Julia Griffin - author

The Stranger Within
Lily pad

The Great Mind's Concern

Autumn Newsletter 2019

Why is it that the words "In your wanderings, remember me* ..." release some emotion every time I read them or think about them? Is it that the words 'remember me' could reflect that we are lost and we have lost touch with the Great Mind, our father and the source of our existence? Is it that these words touch a great truth within us and that the feeling of concern and the graciousness of these words is so moving?

Am I emotional because there is a lack of spiritual strength and true self awareness and I feel a sense of loneliness without this remembrance and self knowledge as if a part of me was not fully conscious and allowed to live and be free?

I have to say that the paragraph above is probably true for my past because in recent times this emotion is less charged than when I first heard these words. I can think about them and reflect upon them because I feel a little stronger spiritually than before. I have more acceptance and understanding of who I am and feel more at peace and in touch with the Great Mind and what he has given me. I believe many of us could say this who have battled their way over the years, working to put into practise what we have been taught and understood from our tutors. However, the words still have an impact and I believe this is true for many who read them.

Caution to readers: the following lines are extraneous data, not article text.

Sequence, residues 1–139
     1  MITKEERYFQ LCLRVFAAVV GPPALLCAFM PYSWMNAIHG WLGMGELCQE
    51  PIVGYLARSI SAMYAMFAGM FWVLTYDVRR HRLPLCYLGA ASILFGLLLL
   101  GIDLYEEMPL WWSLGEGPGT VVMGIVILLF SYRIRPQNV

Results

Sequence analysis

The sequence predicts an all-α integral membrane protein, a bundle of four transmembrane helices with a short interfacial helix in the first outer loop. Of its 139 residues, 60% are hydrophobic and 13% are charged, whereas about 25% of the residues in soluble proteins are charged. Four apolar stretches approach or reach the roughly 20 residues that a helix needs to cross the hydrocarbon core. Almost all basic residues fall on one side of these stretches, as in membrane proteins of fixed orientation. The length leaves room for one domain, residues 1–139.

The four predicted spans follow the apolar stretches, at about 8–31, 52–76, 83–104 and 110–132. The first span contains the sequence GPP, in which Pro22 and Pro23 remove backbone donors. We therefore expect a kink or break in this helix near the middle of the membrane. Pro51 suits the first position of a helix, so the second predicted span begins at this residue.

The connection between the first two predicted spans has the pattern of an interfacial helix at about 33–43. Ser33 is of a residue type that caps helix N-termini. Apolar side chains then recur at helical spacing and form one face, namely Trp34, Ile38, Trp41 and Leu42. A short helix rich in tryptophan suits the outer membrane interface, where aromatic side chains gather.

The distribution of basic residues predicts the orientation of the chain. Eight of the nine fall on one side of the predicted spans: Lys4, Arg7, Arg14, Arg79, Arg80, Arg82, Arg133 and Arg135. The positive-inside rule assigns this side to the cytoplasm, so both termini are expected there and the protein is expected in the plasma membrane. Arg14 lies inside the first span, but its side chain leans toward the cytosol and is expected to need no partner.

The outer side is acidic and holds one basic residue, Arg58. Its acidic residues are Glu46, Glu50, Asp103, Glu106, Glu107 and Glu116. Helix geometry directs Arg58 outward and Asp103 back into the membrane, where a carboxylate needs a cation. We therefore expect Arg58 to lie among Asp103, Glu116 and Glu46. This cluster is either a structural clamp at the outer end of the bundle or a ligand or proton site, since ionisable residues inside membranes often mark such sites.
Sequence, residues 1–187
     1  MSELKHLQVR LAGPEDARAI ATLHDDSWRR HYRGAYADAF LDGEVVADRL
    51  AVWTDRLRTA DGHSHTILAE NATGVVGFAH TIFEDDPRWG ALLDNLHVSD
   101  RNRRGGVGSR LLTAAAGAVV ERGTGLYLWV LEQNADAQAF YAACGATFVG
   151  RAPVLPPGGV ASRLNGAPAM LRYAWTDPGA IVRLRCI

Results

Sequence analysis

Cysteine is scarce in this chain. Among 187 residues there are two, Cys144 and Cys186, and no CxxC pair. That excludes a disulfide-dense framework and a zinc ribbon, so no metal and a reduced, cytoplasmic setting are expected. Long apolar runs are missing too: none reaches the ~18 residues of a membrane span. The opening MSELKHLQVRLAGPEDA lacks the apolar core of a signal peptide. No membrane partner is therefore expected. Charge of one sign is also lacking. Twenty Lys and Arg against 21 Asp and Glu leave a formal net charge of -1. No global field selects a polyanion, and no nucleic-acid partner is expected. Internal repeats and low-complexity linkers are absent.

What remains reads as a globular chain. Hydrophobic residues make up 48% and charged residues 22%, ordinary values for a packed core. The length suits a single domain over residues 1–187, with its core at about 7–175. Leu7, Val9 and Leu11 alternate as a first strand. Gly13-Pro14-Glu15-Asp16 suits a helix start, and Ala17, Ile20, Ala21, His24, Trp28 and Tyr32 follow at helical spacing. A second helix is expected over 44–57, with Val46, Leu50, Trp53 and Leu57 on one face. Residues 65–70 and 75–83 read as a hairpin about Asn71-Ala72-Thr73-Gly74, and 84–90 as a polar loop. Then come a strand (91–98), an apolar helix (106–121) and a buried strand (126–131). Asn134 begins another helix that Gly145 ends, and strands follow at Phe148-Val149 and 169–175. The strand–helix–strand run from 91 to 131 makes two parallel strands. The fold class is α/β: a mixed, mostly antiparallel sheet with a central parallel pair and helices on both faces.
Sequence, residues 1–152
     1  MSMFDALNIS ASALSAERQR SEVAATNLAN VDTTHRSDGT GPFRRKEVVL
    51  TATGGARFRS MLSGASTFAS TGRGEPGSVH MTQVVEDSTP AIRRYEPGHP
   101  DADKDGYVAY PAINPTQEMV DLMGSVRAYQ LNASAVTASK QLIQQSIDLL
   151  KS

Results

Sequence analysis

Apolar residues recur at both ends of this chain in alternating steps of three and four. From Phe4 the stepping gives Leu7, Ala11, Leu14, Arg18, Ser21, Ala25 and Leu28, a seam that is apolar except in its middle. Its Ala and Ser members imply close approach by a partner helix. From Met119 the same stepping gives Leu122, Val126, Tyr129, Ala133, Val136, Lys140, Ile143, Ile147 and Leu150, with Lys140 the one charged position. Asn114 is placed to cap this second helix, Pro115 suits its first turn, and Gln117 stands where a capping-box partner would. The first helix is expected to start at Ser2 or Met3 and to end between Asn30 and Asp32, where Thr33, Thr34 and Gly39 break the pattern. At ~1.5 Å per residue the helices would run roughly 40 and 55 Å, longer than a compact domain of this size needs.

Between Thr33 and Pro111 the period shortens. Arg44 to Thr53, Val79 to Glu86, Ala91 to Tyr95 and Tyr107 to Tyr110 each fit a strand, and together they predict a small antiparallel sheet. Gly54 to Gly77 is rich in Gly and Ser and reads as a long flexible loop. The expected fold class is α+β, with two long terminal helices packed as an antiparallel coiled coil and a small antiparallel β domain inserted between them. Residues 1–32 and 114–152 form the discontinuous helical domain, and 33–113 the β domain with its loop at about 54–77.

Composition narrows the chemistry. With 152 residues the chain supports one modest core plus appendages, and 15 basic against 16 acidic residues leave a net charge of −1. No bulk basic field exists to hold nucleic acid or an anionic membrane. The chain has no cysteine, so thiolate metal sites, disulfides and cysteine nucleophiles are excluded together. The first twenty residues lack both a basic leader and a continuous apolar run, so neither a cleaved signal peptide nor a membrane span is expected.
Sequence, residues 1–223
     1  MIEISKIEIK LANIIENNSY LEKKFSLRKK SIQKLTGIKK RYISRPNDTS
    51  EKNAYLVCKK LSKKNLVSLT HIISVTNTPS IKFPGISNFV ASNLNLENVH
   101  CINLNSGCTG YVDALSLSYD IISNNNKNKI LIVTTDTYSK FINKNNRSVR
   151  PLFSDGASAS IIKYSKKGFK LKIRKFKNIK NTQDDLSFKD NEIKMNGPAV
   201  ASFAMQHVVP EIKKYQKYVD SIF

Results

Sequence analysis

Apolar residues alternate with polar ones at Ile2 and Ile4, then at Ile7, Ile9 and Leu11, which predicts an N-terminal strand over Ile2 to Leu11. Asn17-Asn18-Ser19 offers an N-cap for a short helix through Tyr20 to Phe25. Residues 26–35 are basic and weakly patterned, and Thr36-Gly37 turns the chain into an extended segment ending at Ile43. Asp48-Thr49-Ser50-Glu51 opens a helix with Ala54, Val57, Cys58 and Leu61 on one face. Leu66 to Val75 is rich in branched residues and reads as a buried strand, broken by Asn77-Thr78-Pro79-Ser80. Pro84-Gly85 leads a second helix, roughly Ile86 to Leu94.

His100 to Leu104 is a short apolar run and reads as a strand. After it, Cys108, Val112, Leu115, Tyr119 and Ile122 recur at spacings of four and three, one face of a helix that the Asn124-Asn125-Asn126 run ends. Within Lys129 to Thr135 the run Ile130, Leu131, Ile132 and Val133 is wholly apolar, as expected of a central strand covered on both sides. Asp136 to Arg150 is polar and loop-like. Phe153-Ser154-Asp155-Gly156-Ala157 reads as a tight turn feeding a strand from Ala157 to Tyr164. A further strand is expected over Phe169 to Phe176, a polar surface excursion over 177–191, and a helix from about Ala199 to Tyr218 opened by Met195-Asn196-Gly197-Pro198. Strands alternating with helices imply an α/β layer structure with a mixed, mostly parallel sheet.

It can be a sad, lonely and difficult world at the moment, especially if you do not know yourself well and do not know of the great wisdom and knowledge that is held within your Spirit, the half of your structure that holds everything of value and is linked to a mind that is so strong and pure. So people are struggling. People are searching, it would seem, and perhaps many are frightened because they sense and know that things are not right and that the imbalance is more apparent in all areas of life.

But the Great Mind has great concern for all his children, we know, and alongside this sadness and difficulty and the tests and traumas, there will be opportunities, especially at this time, for a deeper understanding and acceptance of what life is about, of individual purpose and reason for being the way we are and for what is happening in our lives. Slowly coming together, as will be the consequence of these great changes in the near future, will help us all in developing our own strength and getting to know ourselves more fully and with greater clarity.

Perhaps, then, these words 'In your wanderings, remember me ...' will be like a scar of emotion for those of us who heard them in difficult times, memories of the past that have made us what we now are. Perhaps this deeper understanding and greater peace inside will give us a quieter feel and a greater respect for the author. In great awe and wonderment and amazement do we realise, in some small way, what life is about and how, during our wanderings, we have changed; and in those changes, how we have grown spiritually and can do the work that is meant and laid down for us.

(*The piece that includes the words 'In your wanderings)